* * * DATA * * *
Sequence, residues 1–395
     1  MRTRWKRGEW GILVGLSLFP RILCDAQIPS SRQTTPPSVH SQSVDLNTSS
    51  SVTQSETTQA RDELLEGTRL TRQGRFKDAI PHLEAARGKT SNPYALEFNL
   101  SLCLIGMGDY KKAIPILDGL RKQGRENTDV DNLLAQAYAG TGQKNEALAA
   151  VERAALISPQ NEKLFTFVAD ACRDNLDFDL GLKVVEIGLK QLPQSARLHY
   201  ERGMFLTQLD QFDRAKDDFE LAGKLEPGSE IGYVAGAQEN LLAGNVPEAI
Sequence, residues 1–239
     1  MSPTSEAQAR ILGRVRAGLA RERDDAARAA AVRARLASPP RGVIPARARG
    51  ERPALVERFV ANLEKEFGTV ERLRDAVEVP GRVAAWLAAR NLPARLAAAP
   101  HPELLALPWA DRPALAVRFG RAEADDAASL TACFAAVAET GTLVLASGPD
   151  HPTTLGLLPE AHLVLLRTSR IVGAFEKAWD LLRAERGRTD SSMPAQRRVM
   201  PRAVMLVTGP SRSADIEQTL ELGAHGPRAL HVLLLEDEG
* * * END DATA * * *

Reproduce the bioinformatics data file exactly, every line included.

Sequence, residues 1–395
     1  MRTRWKRGEW GILVGLSLFP RILCDAQIPS SRQTTPPSVH SQSVDLNTSS
    51  SVTQSETTQA RDELLEGTRL TRQGRFKDAI PHLEAARGKT SNPYALEFNL
   101  SLCLIGMGDY KKAIPILDGL RKQGRENTDV DNLLAQAYAG TGQKNEALAA
   151  VERAALISPQ NEKLFTFVAD ACRDNLDFDL GLKVVEIGLK QLPQSARLHY
   201  ERGMFLTQLD QFDRAKDDFE LAGKLEPGSE IGYVAGAQEN LLAGNVPEAI
Sequence, residues 1–239
     1  MSPTSEAQAR ILGRVRAGLA RERDDAARAA AVRARLASPP RGVIPARARG
    51  ERPALVERFV ANLEKEFGTV ERLRDAVEVP GRVAAWLAAR NLPARLAAAP
   101  HPELLALPWA DRPALAVRFG RAEADDAASL TACFAAVAET GTLVLASGPD
   151  HPTTLGLLPE AHLVLLRTSR IVGAFEKAWD LLRAERGRTD SSMPAQRRVM
   201  PRAVMLVTGP SRSADIEQTL ELGAHGPRAL HVLLLEDEG